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Minesweeper is a single-player computer game invented by Robert Donner in 1989. A unary predicate mine is defined, where $\text{mine}(x)$ means that the cell $x$ contains a mine

$$\exists x_1, \dots , \exists x_n \left(\bigwedge_{i=1}^{n} \text{mine}(x_i) \wedge \forall y \left( \text{mine}(y) \to \bigvee_{i=1}^{n} y = x_i\right) \right)$$

Which of the following statements is the correct interpretation of the above formula?

  1. There are exactly $n$ mines in the game
  2. There are at least $n$ mines in the game
  3. There are at most $n$ mines in the game
  4. None of the above
asked in Mathematical Logic by Boss (13.7k points)
edited by | 189 views
0
If 2nd term OR operator replaced with AND, will it change anything .

1 Answer

+4 votes
The given logical statement is saying that all $x_1,x_2,\dots x_n$ are mines and if any $y$ is a mine it is one among $x_i.$ This means there cannot be more than $n$ mines but some of the $x_is$ can be the same. So we may have less than $n$ mines. Hence, option C.
answered by Veteran (379k points)
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The problem is from: http://cse.iitkgp.ac.in/~pallab/FOCS_Autumn2016/logic_problemSet.pdf

There, the answer mentioned is A - exactly n mines.

And it makes sense too. The first part of the braces say that there are at least n mines present and the second part says that if there is a mine, it is present in any of the n locations mentioned.

I don't think it's true that some of the $x_i$s can be the same. 

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If that makes sense to you you can follow that :)
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But I am not sure, hence I asked which should be the correct solution or if you can find a flaw in what I wrote. That way, it'd help other people too.
+1

Okay, the correct answer is C, I was wrong. For future reference, people can check this link: https://math.stackexchange.com/questions/3021264/formalisation-of-a-given-sentence-using-quantiifiers?noredirect=1#comment6230364_3021264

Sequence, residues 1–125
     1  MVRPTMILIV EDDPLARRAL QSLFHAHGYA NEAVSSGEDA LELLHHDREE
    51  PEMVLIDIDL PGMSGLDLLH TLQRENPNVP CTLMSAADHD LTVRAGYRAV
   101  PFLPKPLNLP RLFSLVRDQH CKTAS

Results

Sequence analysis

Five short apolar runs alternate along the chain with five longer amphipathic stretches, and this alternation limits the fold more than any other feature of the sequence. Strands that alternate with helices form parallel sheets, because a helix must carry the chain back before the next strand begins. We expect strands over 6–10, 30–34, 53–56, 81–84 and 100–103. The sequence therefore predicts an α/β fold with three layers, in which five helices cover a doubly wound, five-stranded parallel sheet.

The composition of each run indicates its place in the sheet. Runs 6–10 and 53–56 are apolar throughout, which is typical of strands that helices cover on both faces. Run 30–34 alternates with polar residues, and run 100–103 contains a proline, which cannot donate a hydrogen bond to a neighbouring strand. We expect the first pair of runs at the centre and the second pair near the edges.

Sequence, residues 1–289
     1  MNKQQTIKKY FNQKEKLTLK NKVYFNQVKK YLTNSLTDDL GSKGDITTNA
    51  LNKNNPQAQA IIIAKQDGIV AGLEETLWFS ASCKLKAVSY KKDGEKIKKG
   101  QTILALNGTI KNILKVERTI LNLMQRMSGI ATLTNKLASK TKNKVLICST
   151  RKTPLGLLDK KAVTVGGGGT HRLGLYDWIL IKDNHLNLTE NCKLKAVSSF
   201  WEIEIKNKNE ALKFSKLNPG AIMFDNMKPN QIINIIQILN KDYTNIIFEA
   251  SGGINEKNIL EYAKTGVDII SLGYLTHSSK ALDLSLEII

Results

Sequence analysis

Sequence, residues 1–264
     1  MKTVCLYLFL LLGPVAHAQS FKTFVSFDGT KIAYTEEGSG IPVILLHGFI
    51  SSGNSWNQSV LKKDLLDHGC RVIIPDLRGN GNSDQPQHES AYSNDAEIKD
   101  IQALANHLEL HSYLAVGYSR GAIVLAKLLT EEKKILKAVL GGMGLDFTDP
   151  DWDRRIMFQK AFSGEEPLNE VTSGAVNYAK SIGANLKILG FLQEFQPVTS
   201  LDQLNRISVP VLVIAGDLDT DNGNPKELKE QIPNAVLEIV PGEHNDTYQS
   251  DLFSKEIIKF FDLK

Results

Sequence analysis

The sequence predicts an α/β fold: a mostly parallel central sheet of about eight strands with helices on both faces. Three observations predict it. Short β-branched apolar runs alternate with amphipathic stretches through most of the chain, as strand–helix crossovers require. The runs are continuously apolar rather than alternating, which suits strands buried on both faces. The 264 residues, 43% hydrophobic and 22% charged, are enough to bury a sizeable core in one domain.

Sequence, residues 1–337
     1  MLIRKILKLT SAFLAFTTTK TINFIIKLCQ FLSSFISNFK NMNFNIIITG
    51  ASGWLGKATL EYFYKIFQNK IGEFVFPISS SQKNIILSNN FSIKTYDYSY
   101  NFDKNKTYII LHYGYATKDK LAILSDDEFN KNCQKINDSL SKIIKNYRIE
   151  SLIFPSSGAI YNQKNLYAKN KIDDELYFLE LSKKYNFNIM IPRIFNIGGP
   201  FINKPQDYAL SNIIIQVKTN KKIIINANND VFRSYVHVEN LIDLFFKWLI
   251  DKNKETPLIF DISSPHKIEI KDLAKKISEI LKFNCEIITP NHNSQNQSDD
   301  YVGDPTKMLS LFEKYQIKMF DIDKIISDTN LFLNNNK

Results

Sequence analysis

Thank you @Arjun sir. 

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You are welcome :)
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@Arjun sir. What if there are 0 mines in the game?
I think the first-order statement is not taking care of it. 

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You mean the correct interpretation should be at least one mine and at most n mines?
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@Arjun sir... Yes. Am I missing something?

0

@Soumya29-I think there would be no formula if $n=0$.No Mines.

@Arjun-Sir,

Suppose I taken $n=3$

Formula becomes

$\exists x_1 \exists x_2 \exists x_3 \Biggl(\bigl(mine(x_1)\land mine(x_2)\land mine(x_3) \bigr) \land \forall y \biggl(mine(y) \rightarrow \bigl((y=x_1)\lor (y=x_2)\lor (y=x_3) \bigr) \biggr) \Biggr)$

Now suppose I have a domain in which only one mine is present say cell 'a' contains mine.

So, let $x_1=x_2=x_3=a$ and for all y in this domain, this domain contains only one cell and which has mine, and so the above expression becomes true.

So, this also says the Game has atleast 1 mine.

If suppose an option were there, that at least 1 mine and atmost n mines, would that have been a better choice here?

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Got it Arjun sir.

Atmost n already implies atleast 1.

$\leq n=\{1,2,3,4......n\}$

Till N allowed.

Yes (C) is best here.
+1

@Arjun Sir

I am not able to figure it out that some mines $x_i$ are same. As it contains $\exists x_1 , \dots , \exists_n$ means there are exactly n mines which are under consideration and $\forall y $ specify that if $y$ is a mine then it is among one of $x_i$.

Please guide me where i am commiting mistake

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